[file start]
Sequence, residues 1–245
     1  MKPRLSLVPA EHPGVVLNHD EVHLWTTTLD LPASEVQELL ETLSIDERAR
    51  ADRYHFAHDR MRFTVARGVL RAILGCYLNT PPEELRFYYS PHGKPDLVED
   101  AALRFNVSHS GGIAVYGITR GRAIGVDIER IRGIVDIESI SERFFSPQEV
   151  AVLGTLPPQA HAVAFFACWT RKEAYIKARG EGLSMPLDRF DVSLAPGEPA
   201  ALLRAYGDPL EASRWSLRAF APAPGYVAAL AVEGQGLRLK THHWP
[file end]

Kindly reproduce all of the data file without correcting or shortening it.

Sequence, residues 1–245
     1  MKPRLSLVPA EHPGVVLNHD EVHLWTTTLD LPASEVQELL ETLSIDERAR
    51  ADRYHFAHDR MRFTVARGVL RAILGCYLNT PPEELRFYYS PHGKPDLVED
   101  AALRFNVSHS GGIAVYGITR GRAIGVDIER IRGIVDIESI SERFFSPQEV
   151  AVLGTLPPQA HAVAFFACWT RKEAYIKARG EGLSMPLDRF DVSLAPGEPA
   201  ALLRAYGDPL EASRWSLRAF APAPGYVAAL AVEGQGLRLK THHWP